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7 hybrid traits that affect drydown7 hybrid traits that affect drydown

Corn Illustrated: Here’s why some hybrids dry down faster in the field than others.

Tom J. Bechman

November 7, 2023

2 Min Read
An eye level view between two corn rows with dried leaves
WHERE TO LOOK: Even before corn harvest, you can compare drydown traits. Look for angle of the ear to the stalk, number of husk leaves, and whether husk leaves are held tightly or opening up. Tom J. Bechman

Here’s a corn trivia question you can try out at the coffee shop: Which hybrid likely has fewer husks per ear — a hybrid grown by your dad in 1980 or a hybrid you grow today? Answer: Odds favor the modern hybrid as having fewer husks per ear. Fewer husks contribute to better drydown in the field. The ability to dry more quickly in the field is an attribute many corn breeders seek to achieve.

OK, you probably haven’t woken up at night worrying about whether the corn you grow today has more husk leaves than the corn your dad or grandpa grew. And selecting and ordering next year’s hybrids shouldn’t keep you up at night either. But when you are pondering those selections, how quickly each hybrid dries down may be a consideration.

“When weather conditions are not favorable for rapid drydown, then hybrid characteristics that influence the rate of grain drying become more important,” says Bob Nielsen, retired Purdue Extension corn specialist.

Quite a few farmers indicated corn is running wetter than they expected given decent drydown weather this fall, Nielsen notes. That means they are likely paying more attention to differences in how hybrids dry down this year.

Preferred traits for drydown

According to Nielsen, here are characteristics of hybrids that researchers have identified as ones most likely to influence grain drying in the field:

1. Kernel pericarp characteristics. The pericarp is the outermost layer of a corn kernel. In botany terms, it is the ovary wall. Thinner, or more permeable, pericarp layers have been associated with faster drying rates in the field.

2. Husk leaf number. The fewer the number of husk leaves, the more rapid the grain moisture loss. You will find that in general, modern hybrids have fewer husk leaves than hybrids commonly grown years ago.

3. Husk leaf thickness. The thinner the husk leaves, the more rapid the grain moisture loss. Again, it’s simply a matter of physics: The thinner the barrier, the quicker moisture can pass through it.

4. Husk leaf senescence. The sooner the husk leaves senesce, a fancy word that means “die,” the more rapid the grain moisture loss from kernels on ears covered by those husk leaves.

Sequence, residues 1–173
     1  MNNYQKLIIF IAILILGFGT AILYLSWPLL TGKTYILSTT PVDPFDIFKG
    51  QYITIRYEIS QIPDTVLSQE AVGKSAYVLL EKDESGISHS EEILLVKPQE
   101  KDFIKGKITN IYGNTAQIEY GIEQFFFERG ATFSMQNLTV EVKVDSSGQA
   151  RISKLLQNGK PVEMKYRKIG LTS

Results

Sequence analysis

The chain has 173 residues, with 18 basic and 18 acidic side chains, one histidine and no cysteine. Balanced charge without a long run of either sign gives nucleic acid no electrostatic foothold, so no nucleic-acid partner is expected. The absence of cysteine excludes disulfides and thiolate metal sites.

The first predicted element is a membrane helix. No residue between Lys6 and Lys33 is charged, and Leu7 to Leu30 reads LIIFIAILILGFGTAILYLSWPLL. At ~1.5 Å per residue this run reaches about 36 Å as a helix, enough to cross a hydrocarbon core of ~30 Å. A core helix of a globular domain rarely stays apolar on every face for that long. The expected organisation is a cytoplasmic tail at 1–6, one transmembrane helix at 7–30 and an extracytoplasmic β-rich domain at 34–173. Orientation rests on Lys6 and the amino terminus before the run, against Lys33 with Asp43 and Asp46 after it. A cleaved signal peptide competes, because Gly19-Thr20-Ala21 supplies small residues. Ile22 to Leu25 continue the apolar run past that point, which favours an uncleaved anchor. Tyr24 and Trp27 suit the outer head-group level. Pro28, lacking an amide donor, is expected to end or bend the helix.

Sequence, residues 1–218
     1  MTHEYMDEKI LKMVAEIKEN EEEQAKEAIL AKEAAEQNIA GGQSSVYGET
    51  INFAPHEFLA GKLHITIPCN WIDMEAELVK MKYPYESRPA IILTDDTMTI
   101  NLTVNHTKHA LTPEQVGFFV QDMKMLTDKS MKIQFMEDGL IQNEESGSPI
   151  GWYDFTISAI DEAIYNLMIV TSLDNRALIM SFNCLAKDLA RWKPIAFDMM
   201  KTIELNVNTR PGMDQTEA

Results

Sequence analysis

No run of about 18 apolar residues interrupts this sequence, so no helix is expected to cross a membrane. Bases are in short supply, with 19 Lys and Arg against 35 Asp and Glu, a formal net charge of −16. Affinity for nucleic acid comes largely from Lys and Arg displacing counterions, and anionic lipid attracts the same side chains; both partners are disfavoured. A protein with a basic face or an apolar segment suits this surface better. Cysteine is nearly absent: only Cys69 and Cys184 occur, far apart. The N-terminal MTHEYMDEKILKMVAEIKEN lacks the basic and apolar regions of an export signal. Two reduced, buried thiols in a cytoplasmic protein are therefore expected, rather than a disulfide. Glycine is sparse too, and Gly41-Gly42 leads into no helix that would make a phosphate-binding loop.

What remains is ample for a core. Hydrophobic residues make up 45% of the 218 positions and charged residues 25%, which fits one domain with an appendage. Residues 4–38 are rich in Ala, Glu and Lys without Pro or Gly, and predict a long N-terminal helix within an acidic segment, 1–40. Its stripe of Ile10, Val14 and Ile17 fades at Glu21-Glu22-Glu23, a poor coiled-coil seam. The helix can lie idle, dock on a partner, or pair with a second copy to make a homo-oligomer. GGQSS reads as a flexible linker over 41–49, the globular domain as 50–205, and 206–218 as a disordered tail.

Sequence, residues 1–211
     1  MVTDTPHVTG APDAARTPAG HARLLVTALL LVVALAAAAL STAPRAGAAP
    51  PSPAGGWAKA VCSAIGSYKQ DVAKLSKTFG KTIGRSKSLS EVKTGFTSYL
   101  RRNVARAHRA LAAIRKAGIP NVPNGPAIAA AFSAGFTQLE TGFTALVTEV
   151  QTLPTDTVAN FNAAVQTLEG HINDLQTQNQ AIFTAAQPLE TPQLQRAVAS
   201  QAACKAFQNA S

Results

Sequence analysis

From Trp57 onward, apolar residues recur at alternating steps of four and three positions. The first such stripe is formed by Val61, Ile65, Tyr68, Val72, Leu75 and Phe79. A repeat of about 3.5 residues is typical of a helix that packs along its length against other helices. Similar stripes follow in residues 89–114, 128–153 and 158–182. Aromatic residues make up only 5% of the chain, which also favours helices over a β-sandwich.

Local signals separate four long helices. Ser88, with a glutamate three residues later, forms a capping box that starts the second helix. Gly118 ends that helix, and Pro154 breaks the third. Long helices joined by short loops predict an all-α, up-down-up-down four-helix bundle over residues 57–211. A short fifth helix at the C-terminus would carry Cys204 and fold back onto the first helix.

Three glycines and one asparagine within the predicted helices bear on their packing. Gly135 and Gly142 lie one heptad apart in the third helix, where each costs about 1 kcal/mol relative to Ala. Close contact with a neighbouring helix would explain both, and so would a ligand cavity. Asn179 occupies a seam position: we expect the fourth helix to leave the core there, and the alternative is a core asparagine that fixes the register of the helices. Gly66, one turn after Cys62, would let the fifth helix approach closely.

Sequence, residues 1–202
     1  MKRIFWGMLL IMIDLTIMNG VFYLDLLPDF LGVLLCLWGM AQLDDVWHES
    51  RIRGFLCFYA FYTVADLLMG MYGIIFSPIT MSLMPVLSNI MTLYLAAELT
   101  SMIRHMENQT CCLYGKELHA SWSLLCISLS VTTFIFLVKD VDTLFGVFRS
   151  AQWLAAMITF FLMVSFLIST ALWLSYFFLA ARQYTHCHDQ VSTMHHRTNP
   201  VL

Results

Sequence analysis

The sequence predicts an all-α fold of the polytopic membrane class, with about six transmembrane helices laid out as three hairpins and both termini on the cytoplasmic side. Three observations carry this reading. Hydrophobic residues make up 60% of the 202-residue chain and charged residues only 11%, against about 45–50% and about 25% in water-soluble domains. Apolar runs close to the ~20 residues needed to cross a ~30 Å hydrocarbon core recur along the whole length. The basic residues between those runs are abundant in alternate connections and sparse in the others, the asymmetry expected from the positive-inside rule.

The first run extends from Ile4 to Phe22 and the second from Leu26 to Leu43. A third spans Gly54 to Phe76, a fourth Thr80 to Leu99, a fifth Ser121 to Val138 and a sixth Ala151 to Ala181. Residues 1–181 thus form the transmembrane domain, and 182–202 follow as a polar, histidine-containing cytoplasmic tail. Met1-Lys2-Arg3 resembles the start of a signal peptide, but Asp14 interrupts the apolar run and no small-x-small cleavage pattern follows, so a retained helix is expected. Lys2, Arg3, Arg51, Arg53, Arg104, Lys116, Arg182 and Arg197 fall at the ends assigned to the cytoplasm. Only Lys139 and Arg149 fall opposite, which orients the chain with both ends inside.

5. Husk coverage of the ear. The less the husk covers the tip of the ear, the more rapid the grain moisture loss.

6. Husk tightness. The looser the husk covering the ear, again, the more rapid the grain moisture loss, Nielsen explains.

One cautionary note here: Looser husks or less coverage of ears by husks may lead to better drydown, but these same traits can also leave ears exposed for more bird and insect damage and feeding.

7. Ear position. After corn reaches maturity, the sooner the ears drop from an upright position to a downward position, the more rapid the grain moisture loss. Plus, husks of upright ears that remain upright longer can capture rainfall. Besides slower drydown, this can also lead to sprouting on the ear in very wet falls.

Read more about:

Dry Down

About the Author(s)

Tom J. Bechman

Editor, Indiana Prairie Farmer, Farm Progress

Tom J. Bechman is editor of Indiana Prairie Farmer. He joined Farm Progress in 1981 as a field editor, first writing stories to help farmers adjust to a difficult harvest after a tough weather year. His goal today is the same — writing stories that help farmers adjust to a changing environment in a profitable manner.

Bechman knows about Indiana agriculture because he grew up on a small dairy farm and worked with young farmers as a vocational agriculture teacher and FFA advisor before joining Farm Progress. He works closely with Purdue University specialists, Indiana Farm Bureau and commodity groups to cover cutting-edge issues affecting farmers. He specializes in writing crop stories with a focus on obtaining the highest and most economical yields possible.

Tom and his wife, Carla, have four children: Allison, Ashley, Daniel and Kayla, plus eight grandchildren. They raise produce for the food pantry and house 4-H animals for the grandkids on their small acreage near Franklin, Ind.

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